New Faculty and Employees at Manhattan
Read about a few of our 26 new faculty members and 13 employees who will be making a difference at Manhattan.
This year, Manhattan College not only welcomed one of the largest freshman classes in its history, but also several new faculty members and employees. Along with 26 faculty members and 13 employees, here are a few of the new employees who will be making a difference at the College.
Center for Career Development
Kelly Ahn, Ed.M., started as the new director of Manhattan College’s Center for Career Development this fall, and was hired to further develop the career counseling and mentoring services provided by the Center, including internship opportunities and job placement.
Ahn most recently spent four years as associate director of Columbia University’s Center for Career Education. In this role, she was instrumental in assisting undergraduate and graduate students within Columbia’s seven schools on career assessment, job/internship search and networking.
Computer Science Department
This August, Val Kolesnikov, Ph.D., joined the School of Science as the new chair of Manhattan College’s Computer Science department. He will also serve as an associate professor of computer science and will play a vital role in strengthening the new Computer Science department, which formally was part of the Mathematics department. Assistant professor Peter Boothe, Ph.D., as well as new hire Tina Tian, Ph.D., an assistant professor of computer science and former instructor at the New Jersey Institute of Technology, will also assist Kolesnikov in growing the department.
Most recently an assistant professor at Baker University in Baldwin City, Kan., Kolesnikov taught a variety of computer science courses from Introduction to Programming: C++ to the Introduction to Game Design and Development. He was also instrumental in creating Indigo framework and the development of optimization techniques for distributed algorithms.
The Communication department welcomed media studies expert and seasoned journalist Joe Cutbirth, Ph.D., as a new assistant professor and adviser to the College’s student-run newspaper, The Quadrangle. Cutbirth will also teach a series of classes and critique the journalistic work of recipients of the College’s Quadrangle scholarship.
As a political blogger for the Huffington Post since 2007, he regularly writes about politics and examines the social impact of mass media. He was a recurring analyst for Politics Live with Sam Donaldson and Rick Klein on ABC News Now during the 2008 presidential election.
Another new face to Manhattan is Andrew Bauer, the director of music and coordinator of performing arts. With more than 25 years of professional music experience, Bauer brings extensive knowledge as a music director and teacher to the College.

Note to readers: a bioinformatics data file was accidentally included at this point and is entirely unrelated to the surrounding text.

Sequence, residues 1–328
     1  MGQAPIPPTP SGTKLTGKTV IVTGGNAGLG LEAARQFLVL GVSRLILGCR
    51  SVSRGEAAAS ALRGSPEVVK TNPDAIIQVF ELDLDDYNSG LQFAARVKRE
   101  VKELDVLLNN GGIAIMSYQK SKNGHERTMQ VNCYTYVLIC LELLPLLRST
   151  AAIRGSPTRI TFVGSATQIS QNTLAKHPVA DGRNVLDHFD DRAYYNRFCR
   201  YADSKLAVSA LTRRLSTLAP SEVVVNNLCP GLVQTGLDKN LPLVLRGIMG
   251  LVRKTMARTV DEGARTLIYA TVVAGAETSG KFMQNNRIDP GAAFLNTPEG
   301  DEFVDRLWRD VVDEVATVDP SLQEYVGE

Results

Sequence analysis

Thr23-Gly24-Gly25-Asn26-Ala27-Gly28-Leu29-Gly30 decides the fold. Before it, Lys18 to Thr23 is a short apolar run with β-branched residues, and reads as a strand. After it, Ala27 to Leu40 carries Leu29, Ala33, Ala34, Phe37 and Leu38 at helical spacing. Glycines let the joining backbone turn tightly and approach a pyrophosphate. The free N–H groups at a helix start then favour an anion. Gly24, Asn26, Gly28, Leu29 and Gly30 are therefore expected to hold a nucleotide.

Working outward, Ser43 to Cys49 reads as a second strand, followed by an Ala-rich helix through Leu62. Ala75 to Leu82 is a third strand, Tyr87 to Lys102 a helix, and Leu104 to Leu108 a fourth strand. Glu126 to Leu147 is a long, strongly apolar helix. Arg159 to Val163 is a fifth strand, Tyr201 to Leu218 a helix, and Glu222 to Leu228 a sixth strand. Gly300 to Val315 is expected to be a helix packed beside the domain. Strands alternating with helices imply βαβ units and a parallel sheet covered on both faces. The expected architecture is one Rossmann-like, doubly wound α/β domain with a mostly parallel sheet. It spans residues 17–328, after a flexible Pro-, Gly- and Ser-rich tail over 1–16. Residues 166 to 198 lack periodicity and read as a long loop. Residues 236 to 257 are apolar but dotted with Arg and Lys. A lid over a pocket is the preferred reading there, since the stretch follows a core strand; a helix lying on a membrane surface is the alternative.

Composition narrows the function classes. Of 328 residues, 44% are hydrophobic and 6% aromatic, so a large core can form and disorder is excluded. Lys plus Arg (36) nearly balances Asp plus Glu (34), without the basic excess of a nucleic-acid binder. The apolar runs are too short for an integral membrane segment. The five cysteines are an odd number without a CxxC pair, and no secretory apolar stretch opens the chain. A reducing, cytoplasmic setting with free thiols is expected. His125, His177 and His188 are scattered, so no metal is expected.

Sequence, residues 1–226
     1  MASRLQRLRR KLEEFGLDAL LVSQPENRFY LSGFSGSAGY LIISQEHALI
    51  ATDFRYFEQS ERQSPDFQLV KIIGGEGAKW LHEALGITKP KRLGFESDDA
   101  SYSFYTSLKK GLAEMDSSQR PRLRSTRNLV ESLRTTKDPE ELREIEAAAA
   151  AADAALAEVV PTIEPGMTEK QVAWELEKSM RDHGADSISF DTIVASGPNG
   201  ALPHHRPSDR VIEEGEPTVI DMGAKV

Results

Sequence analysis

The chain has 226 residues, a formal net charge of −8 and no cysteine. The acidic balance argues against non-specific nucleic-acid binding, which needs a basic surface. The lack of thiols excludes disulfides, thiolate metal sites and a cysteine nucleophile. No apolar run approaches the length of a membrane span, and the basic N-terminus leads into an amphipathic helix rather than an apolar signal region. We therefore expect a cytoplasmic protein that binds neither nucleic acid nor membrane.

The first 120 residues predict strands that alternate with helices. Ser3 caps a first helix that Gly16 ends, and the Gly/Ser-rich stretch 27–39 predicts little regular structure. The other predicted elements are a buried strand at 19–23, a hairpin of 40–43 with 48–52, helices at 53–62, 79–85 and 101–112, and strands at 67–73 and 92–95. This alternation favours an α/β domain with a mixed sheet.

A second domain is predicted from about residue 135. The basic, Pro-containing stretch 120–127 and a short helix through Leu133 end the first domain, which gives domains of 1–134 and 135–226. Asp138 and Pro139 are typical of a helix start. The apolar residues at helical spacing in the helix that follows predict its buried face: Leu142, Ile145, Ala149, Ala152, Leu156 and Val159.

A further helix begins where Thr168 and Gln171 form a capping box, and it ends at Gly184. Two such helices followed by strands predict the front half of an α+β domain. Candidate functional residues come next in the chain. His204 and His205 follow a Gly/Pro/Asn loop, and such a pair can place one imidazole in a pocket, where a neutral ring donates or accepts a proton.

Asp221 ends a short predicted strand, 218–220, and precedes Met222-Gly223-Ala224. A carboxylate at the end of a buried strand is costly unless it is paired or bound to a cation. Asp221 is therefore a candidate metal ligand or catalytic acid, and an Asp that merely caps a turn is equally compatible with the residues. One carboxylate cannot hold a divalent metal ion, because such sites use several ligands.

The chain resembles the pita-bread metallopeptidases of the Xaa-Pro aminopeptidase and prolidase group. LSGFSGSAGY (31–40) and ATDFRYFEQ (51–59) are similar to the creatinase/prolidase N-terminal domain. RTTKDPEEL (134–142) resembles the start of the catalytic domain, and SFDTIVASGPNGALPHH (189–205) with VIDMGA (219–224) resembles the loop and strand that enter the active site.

Since 2004, he has served as music director and organist of the Monastery Church of the Sacred Heart in Yonkers, N.Y. For the past eight years, he has directed and conducted four choirs, and provided music for nearly 200 weddings and funerals each year. He currently instructs a variety of theater performances at the schools of the Sacred Heart, and is a part-time choir director for Mother Cabrini High School and St. Catharine Academy.
Jasper Athletics is also introducing some new faces on and off the field this year. In July, Steve Manitta joined the Jaspers as the new head coach of the men’s lacrosse team, and he recently announced new staff members Matt Nealis, Sal Marinello, John Lade and Charlie Cipriano, coming on board in 2013. Steve Masiello, head men’s basketball coach, will begin the pre-basketball season with new assistant coaches Oliver Antigua and Rasheen Davis.
Technology in the Classroom
With a growing number of new faculty and employees on campus, the College maintains its focus on enhancing the technology available to faculty and students. As part of this focus, the College hired instructional designers Khaitsa Wasiyo, Ed.D, earlier this summer and Kim Woodruff in 2011 to assist faculty in using technology to connect and communicate with students in a variety of ways.
One specific example referenced by Woodruff is the learning management system Moodle, which allows faculty to post course materials online and provide interactive learning activities, such as online practice quizzes and discussion forums. She also highlighted that several faculty members are utilizing clicker software, so students can answer instructor questions privately while in class with an electronic device that corresponds to a receiver on the instructor’s computer. “These devices allow instructors to receive immediate feedback on how well students understand a concept,” Woodruff explains.
In her new role, Wasiyo is initially focused on further developing existing and future hybrid courses for the School of Continuing and Professional Studies (SCPS) maintained within the Moodle system. Because bachelor’s and master’s students within SCPS are taking courses at an accelerated pace, hybrid courses help the instructor and students connect online through assorted resources outside the classroom, beyond their once-a-week meetings.